Members of the last federal parliament were surveyed on their attitudes to democracy, the faults they see in the present political system, and how they thought it could be improved. Some 43% of the parliamentarians replied to the survey, done shortly before the election.
    Professor Mark Evans and Professor Gerry Stoker, two of the authors of the report, join Michelle Grattan on this podcast to discuss the findings, and share their thoughts on the future of Australian democracy.
    Additional audio: 
    A List of Ways to Die, Lee Rosevere, from Free Music Archive
    Image: 
    Shutterstock

    • 36 min
    Deputy PM Michael McCormack on the drought and restive Nationals

    Deputy PM Michael McCormack on the drought and restive Nationals

    While the drought continues to hit the Nationals’ constituents hard, the party faces a testing terrain on a political level.
    In this episode of Politics with Michelle Grattan, Deputy Prime Minister Michael McCormack acknowledges the mishandling of the bring-forward of the dairy code, which will increase the negotiating power of milk producers.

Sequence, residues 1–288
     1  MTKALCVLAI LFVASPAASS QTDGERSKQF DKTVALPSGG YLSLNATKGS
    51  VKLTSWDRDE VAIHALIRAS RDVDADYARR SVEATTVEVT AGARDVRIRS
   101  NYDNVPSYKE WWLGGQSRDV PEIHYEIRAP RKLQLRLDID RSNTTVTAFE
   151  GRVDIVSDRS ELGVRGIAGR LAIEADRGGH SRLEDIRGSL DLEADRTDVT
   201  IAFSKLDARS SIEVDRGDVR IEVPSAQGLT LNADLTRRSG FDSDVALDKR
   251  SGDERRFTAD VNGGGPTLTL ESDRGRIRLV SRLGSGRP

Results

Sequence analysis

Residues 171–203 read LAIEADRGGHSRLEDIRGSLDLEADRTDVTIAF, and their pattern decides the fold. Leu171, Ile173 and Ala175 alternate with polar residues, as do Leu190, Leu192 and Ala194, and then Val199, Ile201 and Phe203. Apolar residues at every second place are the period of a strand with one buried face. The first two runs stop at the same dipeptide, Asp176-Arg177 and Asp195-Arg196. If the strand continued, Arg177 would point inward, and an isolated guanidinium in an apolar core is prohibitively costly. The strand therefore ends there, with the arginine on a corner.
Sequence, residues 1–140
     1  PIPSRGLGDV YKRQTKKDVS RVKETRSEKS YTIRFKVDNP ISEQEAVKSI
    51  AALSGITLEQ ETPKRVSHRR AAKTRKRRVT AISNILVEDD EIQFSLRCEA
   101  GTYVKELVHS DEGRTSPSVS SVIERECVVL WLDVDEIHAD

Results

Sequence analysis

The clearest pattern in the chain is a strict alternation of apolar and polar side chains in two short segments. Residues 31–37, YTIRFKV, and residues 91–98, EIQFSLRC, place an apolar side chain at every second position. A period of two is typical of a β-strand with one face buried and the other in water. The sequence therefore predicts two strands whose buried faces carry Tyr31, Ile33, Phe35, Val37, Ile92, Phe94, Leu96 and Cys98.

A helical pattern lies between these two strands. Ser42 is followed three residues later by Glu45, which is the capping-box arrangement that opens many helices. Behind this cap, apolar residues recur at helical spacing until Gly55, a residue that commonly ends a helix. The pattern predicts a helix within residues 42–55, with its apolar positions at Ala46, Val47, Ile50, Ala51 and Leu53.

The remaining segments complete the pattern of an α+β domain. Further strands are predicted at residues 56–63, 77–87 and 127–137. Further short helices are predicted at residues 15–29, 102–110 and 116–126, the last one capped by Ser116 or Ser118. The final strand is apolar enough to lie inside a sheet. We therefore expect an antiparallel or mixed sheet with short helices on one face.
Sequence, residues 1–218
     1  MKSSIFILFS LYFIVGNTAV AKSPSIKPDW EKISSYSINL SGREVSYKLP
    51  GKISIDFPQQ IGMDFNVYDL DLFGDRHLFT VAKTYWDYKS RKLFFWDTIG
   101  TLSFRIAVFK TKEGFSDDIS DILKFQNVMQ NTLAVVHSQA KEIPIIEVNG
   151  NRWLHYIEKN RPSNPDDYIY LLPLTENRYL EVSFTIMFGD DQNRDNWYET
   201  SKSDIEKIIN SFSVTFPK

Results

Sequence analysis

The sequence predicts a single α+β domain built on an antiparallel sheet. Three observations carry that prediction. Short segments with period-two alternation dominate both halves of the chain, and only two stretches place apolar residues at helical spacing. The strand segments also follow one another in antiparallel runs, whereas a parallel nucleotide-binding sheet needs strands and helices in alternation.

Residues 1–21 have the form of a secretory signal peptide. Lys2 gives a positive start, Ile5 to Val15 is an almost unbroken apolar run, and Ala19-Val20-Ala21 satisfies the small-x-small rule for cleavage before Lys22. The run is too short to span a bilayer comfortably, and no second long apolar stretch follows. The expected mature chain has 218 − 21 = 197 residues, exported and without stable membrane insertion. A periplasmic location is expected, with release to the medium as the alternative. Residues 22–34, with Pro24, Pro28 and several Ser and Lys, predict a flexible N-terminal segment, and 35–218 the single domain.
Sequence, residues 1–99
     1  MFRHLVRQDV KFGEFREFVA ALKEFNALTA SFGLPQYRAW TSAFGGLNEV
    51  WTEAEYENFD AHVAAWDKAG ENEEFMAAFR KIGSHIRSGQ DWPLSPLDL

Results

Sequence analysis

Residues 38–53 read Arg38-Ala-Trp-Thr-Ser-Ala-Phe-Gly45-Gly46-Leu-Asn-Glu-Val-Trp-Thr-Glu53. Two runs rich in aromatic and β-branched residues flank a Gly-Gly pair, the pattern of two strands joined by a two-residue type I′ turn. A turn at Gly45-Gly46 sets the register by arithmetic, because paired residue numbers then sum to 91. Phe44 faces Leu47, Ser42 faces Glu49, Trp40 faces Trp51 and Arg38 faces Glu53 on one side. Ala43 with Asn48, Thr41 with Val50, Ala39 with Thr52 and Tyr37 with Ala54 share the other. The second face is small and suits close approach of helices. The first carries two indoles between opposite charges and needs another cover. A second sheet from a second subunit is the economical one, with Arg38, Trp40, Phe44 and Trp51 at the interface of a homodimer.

Tensions blew up in the Nationals party room this week after Pauline Hanson managed last week to win an acceleration of the code. The deal was all about the government wanting Hanson’s Senate co-operation. But agriculture minister Bridget McKenzie had previously told Nationals who have been fighting for the code that it couldn’t be finalised until well into next year.
    McCormack also shared his willingness to consider a proposal from the drought policy released by the National Farmers’ Federation for exit assistance for drought-striken farmers who sell.
    But he had a cautionary message for those deciding whether to stay or leave, saying “they absolutely need to make sure they don’t self-assess. They need to absolutely make sure that they consult their families foremost, that they talk to rural financial counsellors, they talk to their accountants, their banks. They take every bit of good advice available before they take that ultimate step”.
    Additional audio:
    A List of Ways to Die, Lee Rosevere, from Free Music Archive.
    Image:
    AAP/ Mick Tsikas

    • 24 min

Customer Reviews

Red"Baron ,

Patience sometimes needs with the guests

There are some episodes I cringe before listening to as it’s political leaders poised to use throw away statements and mantras, but I always find Michelle still squeezes out some useful content against their will 😀

Bomber shield ,

Views from the cross bench

Great interview with Cath and Rebecca, thoughtful, detailed answers and possible solutions to some sticking points in Parliament

MikeMac-AU ,

Weak

Softball interviews with people who have a lot to answer for.